The Secret to Successful Grilling

What to pair with your favorite grilled dishes


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The Secret to Successful Grilling Grilling season is upon us and along with not having to do dishes (HooooRahhh! And you wonder why men love to grill), we also have to recalibrate our wine parings. You see, the secret to successful grilling is making sure the wine that you serve with your meal is good. That’s mostly because grilling is almost always successful. No dishes = success!

The grill adds that special, smoky, charry, grilly (okay, make sure you clean the grill with all the time you’ve saved not doing dishes) flavor to foods and that changes the groups of wines that can pair with our favorite proteins and veggies. Pronounced oak, which adds some sweetness to a wine, as well as spice and wood notes, can really work well with your grilled food.

The flavors of the grill tend to cancel out the most egregious oak tones and that little edge of sweetness can come in handy batting the almost ubiquitous (but rarely required) saucing that seems to have become part of the grilling equation.

With this in mind, let’s take a look at some of the greatest summer whites for Grill Season: 2011!

Photo courtesy Health.com

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Comments

  • Snooth User: Mark Angelillo
    Founding Member Hand of Snooth Voice of Snooth
    2 6,209

    Damn GDP - why must you mock me and my lack of grill? This makes me want to spend a weekend in the country.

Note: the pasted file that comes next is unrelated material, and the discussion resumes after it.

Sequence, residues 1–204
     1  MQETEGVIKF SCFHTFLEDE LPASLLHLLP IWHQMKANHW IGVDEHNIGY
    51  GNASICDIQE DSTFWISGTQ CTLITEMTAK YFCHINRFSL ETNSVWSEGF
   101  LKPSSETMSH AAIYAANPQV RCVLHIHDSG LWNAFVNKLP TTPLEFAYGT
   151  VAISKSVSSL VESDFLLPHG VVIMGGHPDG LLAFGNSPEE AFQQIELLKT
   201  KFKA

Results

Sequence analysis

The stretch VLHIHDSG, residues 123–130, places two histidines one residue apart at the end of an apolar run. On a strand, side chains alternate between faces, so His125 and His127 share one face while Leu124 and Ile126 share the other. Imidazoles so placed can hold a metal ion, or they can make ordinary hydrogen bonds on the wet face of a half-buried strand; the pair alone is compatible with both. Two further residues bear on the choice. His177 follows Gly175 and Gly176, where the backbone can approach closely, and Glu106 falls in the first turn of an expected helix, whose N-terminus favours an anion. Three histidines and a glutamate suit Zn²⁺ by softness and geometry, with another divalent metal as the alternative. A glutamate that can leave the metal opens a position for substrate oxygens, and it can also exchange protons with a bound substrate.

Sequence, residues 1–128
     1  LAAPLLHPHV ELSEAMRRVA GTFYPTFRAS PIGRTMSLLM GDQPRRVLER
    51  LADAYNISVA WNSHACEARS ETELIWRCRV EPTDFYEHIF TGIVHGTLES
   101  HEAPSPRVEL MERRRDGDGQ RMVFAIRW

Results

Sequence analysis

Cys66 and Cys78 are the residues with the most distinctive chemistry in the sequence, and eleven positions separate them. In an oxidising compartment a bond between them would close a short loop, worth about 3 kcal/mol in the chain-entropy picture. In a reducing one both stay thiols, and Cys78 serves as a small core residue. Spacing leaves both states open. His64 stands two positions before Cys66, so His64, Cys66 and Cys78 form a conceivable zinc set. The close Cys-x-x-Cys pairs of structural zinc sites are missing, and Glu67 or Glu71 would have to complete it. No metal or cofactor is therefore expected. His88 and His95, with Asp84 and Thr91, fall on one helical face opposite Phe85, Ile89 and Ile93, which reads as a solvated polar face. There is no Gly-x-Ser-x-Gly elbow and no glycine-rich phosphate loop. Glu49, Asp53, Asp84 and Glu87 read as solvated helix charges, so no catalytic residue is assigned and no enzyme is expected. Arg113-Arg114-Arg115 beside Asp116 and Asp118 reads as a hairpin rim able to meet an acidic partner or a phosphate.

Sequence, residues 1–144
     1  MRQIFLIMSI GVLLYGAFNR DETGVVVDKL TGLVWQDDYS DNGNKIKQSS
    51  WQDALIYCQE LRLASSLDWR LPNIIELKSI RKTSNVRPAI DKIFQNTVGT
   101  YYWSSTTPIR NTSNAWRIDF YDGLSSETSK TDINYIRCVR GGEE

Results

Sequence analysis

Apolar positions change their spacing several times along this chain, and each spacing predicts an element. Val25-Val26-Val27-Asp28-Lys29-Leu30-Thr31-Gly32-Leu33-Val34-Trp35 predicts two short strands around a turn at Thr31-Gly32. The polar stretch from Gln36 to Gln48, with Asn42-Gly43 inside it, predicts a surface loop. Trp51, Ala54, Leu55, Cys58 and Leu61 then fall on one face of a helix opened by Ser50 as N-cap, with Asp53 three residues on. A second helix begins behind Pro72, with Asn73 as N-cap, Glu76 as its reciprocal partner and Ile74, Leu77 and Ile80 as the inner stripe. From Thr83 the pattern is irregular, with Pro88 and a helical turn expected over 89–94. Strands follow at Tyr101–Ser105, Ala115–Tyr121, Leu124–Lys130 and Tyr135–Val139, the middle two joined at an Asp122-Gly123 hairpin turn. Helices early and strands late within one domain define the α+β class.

Jul 27, 2011 at 11:56 AM


  • Snooth User: TomG
    40947 44

    Hi Greg - a question and a suggestion:
    - question: I usually grill a mix of vegetables of all three types (tomatoes, onions, mushrooms, eggplant, peppers, squash, etc.) What would you suggest for a wine to work with the lot?
    - suggestion for grilling fish: I've never been able to get my grill clean enough or well-oiled enough to keep fish from sticking. Two things have helped. One is to put a piece of heavy-duty foil, just big enough to hold the fish, on the grill before I start it, then slice the foil between the grill rods so that each is covered by a strip; then pinch the strips around the rods so that they're loosely wrapped. The other thing is to let the grill heat up completely before putting the fish on. As the metal rods heat up, they expand and if the fish is on while this is happening, the skin bonds to the metal. I usually get the grill hotter than I want, then put the fish down to get nice grill marks, then immediately reduce the heat to cooking temperature. Hope this helps!

    Jul 27, 2011 at 3:23 PM


  • Snooth User: Gregory Dal Piaz
    Hand of Snooth Voice of Snooth
    89065 201,883

    For grilled vegetables, especially if some good olive oil is involved, I've never found a better wine than Barbera. Even a Barbera with some age works well here. You've got all that succulent acidity and the oak in the wine can be matched by all the smoke and char created by grilling your veggies.

    Nice tips for grilling fish, both very effective. Thanks for contributing!

    Jul 27, 2011 at 5:09 PM


  • We love grilling at our house but I don't know where you come up with the idea that there are no dishes to do. If you are entertaining with wine and great grilled food then you need beautiful dishes to serve it in. Just saying.....

    Aug 04, 2011 at 10:20 AM


  • Snooth User: Gregory Dal Piaz
    Hand of Snooth Voice of Snooth
    89065 201,883

    I manage to get through with few to none, though admittedly while not entertaining. One trick I've developed for some of my meals is to use flour tortillas over a plate, you then get to eat up the mess!

    Aug 04, 2011 at 10:32 AM


  • Snooth User: Richard Foxall
    Hand of Snooth
    262583 2,871

    Sure, you eat on dishes, but pots and pans are reduced. Major advantage to the grill.

    Aug 10, 2012 at 7:41 PM


  • wine for spare ribs and brots

    Aug 31, 2012 at 11:24 PM


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